E. Account: This is the account something goes in. To be clever I hierarchy my accounts with dashes. So they’re things like “Expenses – Adminstrative” and “Assets – Checking.” Then later I use Excel formulas to extract out the first part.
F-M. Debits and Credits: If I understood accounting, I’d have one column for Debits and one for Credits. Instead I have four for Debits (Asset+, Liability-, Expense, Draw) and four for Credits (Asset-, Liability+, Revenue, Investment) so that I don’t even have to memorize the rules for Debits and Credits, I can just put numbers in the appropriate columns.
N. For: What the entry is for.
O. Comment: In case I want to comment.
After that I have a bunch of Calculated Fields.
P-Q. Debit and Credit: sum up the earlier eight.
R. Year: Computed off the date
S. Month: Computed off the date
T. Fiscal Month: YYYY-MM, computed off the date
U. Account Category: The first part of the account
V. Debit – Credit: The difference
W. Credit – Debit: The difference
6. Using the Accounting System
To make an accounting, figure out the Debit and the Credit, and just enter them on consecutive lines. Each line should have either one Debit or one Credit. It should never have both, and it should never have more than one of either. The Debit and Credit on consecutive lines have to be the same amounts!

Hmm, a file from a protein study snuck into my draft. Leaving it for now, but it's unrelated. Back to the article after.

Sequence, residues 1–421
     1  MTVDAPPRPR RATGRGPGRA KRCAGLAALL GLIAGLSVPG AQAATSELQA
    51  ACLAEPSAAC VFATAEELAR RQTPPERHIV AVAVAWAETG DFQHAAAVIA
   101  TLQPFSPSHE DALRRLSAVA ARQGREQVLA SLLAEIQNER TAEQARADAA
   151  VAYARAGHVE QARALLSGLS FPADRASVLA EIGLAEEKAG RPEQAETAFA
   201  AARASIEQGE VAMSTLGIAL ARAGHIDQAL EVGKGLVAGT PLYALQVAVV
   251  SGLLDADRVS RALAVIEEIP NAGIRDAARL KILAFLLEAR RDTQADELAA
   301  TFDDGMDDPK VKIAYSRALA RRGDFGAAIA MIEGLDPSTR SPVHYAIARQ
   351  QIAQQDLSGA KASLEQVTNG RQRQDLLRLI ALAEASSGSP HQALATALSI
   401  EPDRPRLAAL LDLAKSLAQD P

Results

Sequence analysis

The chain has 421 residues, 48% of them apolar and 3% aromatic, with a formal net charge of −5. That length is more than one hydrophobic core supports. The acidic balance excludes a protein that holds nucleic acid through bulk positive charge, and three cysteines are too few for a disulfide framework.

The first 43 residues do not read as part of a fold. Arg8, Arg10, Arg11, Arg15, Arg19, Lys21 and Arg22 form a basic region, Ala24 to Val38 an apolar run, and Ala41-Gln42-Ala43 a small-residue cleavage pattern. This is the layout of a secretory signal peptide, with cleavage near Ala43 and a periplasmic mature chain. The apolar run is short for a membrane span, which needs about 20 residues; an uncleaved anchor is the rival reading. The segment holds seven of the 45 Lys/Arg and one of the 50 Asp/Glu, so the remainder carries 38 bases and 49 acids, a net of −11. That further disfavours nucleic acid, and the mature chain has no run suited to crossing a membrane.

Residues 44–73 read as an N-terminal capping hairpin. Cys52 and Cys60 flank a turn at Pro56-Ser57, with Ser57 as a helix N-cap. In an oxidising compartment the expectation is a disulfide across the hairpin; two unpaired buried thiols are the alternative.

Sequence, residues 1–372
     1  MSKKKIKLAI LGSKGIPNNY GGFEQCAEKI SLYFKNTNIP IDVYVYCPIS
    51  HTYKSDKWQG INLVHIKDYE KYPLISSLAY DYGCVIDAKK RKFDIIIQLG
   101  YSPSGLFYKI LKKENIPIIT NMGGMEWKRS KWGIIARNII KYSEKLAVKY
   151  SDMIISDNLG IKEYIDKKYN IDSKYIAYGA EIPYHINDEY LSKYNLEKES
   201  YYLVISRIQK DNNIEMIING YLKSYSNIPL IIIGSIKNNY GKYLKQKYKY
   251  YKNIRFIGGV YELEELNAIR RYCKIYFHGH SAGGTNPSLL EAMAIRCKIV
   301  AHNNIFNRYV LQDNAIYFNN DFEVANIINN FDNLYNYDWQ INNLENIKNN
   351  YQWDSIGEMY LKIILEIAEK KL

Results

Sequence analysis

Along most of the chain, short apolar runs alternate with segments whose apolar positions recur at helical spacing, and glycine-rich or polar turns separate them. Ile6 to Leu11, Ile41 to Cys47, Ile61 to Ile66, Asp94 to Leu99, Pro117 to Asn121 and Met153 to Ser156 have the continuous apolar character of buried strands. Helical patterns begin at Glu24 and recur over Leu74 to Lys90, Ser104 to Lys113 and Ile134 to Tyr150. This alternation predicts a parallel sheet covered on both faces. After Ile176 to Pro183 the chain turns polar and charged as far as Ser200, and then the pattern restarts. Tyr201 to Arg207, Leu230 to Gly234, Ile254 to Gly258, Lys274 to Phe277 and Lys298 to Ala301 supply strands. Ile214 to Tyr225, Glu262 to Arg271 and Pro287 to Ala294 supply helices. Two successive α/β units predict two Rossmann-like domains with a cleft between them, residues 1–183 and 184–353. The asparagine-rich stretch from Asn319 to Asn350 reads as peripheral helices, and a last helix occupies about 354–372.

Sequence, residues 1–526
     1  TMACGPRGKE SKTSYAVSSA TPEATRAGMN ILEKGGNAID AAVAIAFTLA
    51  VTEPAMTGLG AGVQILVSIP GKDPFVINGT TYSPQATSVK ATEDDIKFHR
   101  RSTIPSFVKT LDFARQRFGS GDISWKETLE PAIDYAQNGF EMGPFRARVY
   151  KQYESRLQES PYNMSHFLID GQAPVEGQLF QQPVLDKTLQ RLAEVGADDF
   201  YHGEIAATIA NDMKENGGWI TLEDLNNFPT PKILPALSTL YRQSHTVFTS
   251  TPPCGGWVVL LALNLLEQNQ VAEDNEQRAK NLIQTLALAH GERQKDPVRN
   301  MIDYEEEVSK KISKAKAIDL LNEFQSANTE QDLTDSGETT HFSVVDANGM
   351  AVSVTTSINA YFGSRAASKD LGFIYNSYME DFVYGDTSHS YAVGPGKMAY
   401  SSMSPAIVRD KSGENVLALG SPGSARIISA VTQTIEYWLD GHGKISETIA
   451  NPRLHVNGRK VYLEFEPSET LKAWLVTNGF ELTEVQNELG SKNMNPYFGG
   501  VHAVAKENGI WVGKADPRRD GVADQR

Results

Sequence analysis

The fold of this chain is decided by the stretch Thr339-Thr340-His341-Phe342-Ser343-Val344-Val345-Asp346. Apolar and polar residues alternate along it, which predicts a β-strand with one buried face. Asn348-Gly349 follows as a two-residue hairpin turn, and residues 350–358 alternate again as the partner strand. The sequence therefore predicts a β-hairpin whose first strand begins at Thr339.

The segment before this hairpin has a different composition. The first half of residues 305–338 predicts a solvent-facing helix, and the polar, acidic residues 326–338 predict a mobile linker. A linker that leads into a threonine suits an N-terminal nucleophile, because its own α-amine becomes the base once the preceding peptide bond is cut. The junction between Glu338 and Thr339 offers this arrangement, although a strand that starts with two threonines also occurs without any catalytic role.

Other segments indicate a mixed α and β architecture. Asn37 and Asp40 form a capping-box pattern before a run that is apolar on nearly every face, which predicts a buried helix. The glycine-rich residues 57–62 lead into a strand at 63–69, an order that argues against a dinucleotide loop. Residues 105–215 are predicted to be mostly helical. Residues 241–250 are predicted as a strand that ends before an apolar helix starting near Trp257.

Then you can use a Pivot Table to do all your reporting.
For liabilities and equity and revenue, you want to look at the sum of Credit – Debit. For assets and expenses, you want to look at the sum of Debit – Credit. I’m not sure why, but this works.
For instance, in the above examples, to find the balance in your checking account (which is an asset), you want Debit – Credit, which is ($1000 + $100) – ($50) = $1050.
7. Closing the Books
At the end of the year, you’re supposed to close your books. First, move everything from the Revenue and Expenses accounts into an account called Income Summary. Then move everything from Income Summary into an account called Equity – Retained Earnings.
I don’t understand this part at all, and the website I got it from didn’t have any MIDI songs on it, so it might not even be trustworthy. Someday I might figure this out, but for now I just use the Pivot Table to see my Revenue and Expenses by year.
8. Preparing for an Audit
Hide under the bed and cry like a baby.
And there you have it. Now you know as much about accounting as I do!
Next time: “Everything I Know About Do-It-Yourself Ingrown Toenail Surgery Fits in a Blog Post.”